The fundamental aspect to recovery and management of laminitis is diet. Laminitic horses need strict control on the amount of forage they eat, together with the amount of sugar they intake. Horses are trickle feeders. Grazing animals. This natural feeding rhythm is essential for any horse to remain healthy.
I searched the globe for a feeding net which would trickle feed Sully, and be strong enough to withstand his abuse. He was a net trasher! It also had to be big enough to feed a large horse large amounts of forage over a long period of time. There was nothing available. What there was, he destroyed. Or it didn’t slow him down at all. So I made one.
I made many prototypes, with inferior materials. I needed the strongest netting, with the right hole size to restrict his forage enough but not too much. I tried knotless netting, I tried different types of mesh, I tried various hole sizes. Sully tested anything that looked promising, and I landed on the best material. The strongest most effective netting is too tough to be stitched on a machine and cannot be made in the same design as other nets. This design is unique, and I spent a lot of time working out the best way to stitch this monster net together.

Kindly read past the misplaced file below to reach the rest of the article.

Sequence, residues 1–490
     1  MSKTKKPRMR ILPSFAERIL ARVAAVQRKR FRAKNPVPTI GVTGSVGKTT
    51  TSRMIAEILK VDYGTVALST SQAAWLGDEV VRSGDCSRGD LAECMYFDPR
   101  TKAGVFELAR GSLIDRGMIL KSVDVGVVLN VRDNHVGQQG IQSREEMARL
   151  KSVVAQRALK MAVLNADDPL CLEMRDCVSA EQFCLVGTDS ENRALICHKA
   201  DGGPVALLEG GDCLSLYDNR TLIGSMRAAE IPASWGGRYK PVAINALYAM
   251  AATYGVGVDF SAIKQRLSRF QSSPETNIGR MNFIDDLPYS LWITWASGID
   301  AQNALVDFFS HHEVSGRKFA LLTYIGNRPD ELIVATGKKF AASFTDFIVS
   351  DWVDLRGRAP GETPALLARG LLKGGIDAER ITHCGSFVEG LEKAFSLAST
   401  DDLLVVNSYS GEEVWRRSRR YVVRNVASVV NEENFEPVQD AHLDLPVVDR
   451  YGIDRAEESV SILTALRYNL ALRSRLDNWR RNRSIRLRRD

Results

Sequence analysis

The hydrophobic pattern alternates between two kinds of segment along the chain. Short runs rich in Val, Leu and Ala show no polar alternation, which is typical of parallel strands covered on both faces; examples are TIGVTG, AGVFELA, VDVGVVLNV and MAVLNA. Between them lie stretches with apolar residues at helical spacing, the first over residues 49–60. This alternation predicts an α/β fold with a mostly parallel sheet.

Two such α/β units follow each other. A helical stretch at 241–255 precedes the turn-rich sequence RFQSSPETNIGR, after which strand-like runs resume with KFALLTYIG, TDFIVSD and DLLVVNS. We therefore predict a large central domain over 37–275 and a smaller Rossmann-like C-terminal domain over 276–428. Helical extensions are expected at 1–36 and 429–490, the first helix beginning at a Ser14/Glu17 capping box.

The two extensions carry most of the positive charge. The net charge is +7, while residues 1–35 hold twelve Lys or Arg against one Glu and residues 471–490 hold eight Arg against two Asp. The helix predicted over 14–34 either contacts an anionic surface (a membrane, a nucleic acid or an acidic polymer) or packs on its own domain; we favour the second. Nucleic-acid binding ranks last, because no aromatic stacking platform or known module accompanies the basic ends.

The Trickle Net was born, and it did a fabulous job at feeding Sully while I nursed him in his stable for those long painful months. On four occasions, I had decided to call the vet and end his suffering. On four occasions I saw a glimmer of hope, a small improvement which caused me to change my mind, pray harder. Keep loving my boy, and hope again. I had my baby girl during this time, and I used to put her in front of Sully’s stable while I worked on the yard. She would stare up at Sully, watching him pull faces and he would gently nudge her rocker with his nose. During the summer of 2011, I decided to make a sand pit outside Sully’s stable. This would provide a soft surface under his painful feet, and allow him to feel the sun on his back. He was in such pain, and by now had a large oedema under his belly. His coat was thin and his skin was flakey. I suspected he had cancer too.
He had two weeks of sunshine on his back, before I found him in agony in the sand pit. His big body had been weakened so much during the course of his illness. He had moved badly, and shattered the bones in his pastern. He took the decision from me, and his suffering ended that day.
Sully’s illness was too far advanced. There was nothing that could have saved him.
The Trickle Net had helped him greatly during his long spell of box rest. It enabled him to graze in his stable, where the alternative was long spells of hunger and boredom. I had to grab the silver lining on this horrible cloud, make something good from the tragedy of losing my friend of many years. NFU paid out for the loss of my boy, and his insurance payout started Trickle Net. The Trickle Net is a legacy to him, and he lives on in a product which now helps thousands of horses around the UK and Europe.